Rotate the Winter Olympics between Vancouver, Nagano, and somewhere in Europe. Vancouver and Nagano are both recent Olympic hosts, and both are natural fits in a permanent rotation, though Nagano has since converted many of its facilities into mixed-use recreational sites. In Europe, there are plenty of options, whether in Scandinavia — Lillehammer, Norway hosted in 1992 and other Scandinavian cities have bid before and since — Switzerland, France, or Italy, where Turin hosted the 2006 Games. The cost of the Winter Olympics is relatively small or at least should be (Sochi notwithstanding), so even rotating it among a few more Asian, European, and North American cities (Salt Lake City may bid again soon) that already have most of the infrastructure in place wouldn’t be a terrible idea.
Rotate the Summer Olympics between London, Sydney, Beijing, and Rio, which by 2016 will have combined to host four of the past five Olympics. All of these countries have most of the necessary Olympic infrastructure in place, though the conversion of their major stadiums after the Games were gone would pose some problems. Yes, China has human rights concerns that caused major controversy during the 2008 Games, but fixing those and other problems (like pollution) could be a condition for including it in the rotation. And while Rio de Janeiro is having cost problems now, promising that it would host future Olympics would make the amount it is spending on the 2016 Games easier to stomach.
The benefits to finding permanent hosts, whether one as Pareene suggests or a small rotating group as I do, would be enormous. “Either fix a single host city/country or a small number of hosts and you save on the infrastructure costs,” College of the Holy Cross sports economist Victor Matheson said.
Because these cities and countries would know they would host regularly, development would be geared toward sustainability as opposed to producing lavish facilities meant to look pretty for television just once. Those bobsled tracks, velodromes, and Olympic-sized swimming facilities would get used more than once, keeping them from becoming a total waste of money. And because the sports infrastructure would be in place in these host cities, it would give the cities time to make the other infrastructure improvements that are often supposed to accompany these events but rarely do.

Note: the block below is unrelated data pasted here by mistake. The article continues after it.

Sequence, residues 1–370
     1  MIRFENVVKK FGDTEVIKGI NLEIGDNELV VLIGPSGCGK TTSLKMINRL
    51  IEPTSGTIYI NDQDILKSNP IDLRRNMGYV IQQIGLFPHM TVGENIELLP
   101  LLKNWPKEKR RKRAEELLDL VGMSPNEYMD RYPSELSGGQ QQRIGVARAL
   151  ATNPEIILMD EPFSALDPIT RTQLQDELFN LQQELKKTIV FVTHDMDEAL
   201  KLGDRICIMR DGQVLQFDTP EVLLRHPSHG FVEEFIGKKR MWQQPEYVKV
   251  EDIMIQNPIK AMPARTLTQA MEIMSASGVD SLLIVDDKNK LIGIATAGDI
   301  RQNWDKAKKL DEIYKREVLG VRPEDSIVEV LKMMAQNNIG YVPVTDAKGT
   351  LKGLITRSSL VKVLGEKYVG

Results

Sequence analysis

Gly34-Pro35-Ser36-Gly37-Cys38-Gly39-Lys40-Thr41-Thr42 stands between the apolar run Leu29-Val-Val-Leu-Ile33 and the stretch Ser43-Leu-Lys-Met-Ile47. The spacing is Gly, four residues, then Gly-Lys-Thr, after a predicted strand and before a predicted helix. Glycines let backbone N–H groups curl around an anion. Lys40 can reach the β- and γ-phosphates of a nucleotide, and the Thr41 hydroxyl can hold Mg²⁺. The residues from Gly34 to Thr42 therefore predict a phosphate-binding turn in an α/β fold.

Yes, the list I proposed is heavily biased toward the world’s large, powerful countries, but it is done so purposefully. Research shows that the Olympics and World Cup don’t have major positive economic benefits, so these large, wealthy countries can at least absorb the costs of these events with minimal financial difficulty. Many of the excluded countries would surely complain, but they should recognize instead, Matheson said, that “the chosen countries are doing the non-hosts a favor” by taking on the costs of hosting these events.
Of course, each of those reasons Pareene and I view as positive are negatives for the NFL, IOC, and FIFA. The NFL uses the Super Bowl as a carrot to get taxpayers to put forth more money for stadiums (see: Miami, New Orleans, Dallas). A permanent host plan would also “cut down on [FIFA and the IOC’s] ability to extract huge concessions from the host,” Matheson said, gutting the financial gains those organizations make from spreading the events around the globe. As University of Michigan economist Stefan Szymanski has told me before, these events are as much about legacy as anything else: FIFA and the IOC love to point to stadiums and take credit for their construction. A permanent host plan would restrict their ability to do that, especially in countries like England and the U.S. where the stadiums exist primarily for other purposes.
There are other alternatives too. We could continue not to care about how much is spent on these events, or countries could band together and refuse to pay the high prices these events demand. Or the IOC, FIFA, and NFL could be honest about the economic realities of these events, making it clear that the Olympics, Super Bowl, and World Cup have social and health benefits for their host cities but won’t provide an economic boon. That honesty could itself drive down costs if citizens responded by asking their governments to spend less to win and host these events. That honest approach, though, is even more unlikely than the adoption of permanent hosts for each of these events.
IOC officials this week said that the high cost of the Sochi Games would force them to consider alterations to improve the bidding process, but anything as radical as permanent hosts (or a rotation of hosts) won’t likely be part of that conversation, even if it would make sense. It’s easy for economists and writers like myself and Pareene to look at this process and decide it’s broken. For the people and organizations in charge, though, the Olympics, World Cup, and Super Bowl are all working exactly the way they are supposed to.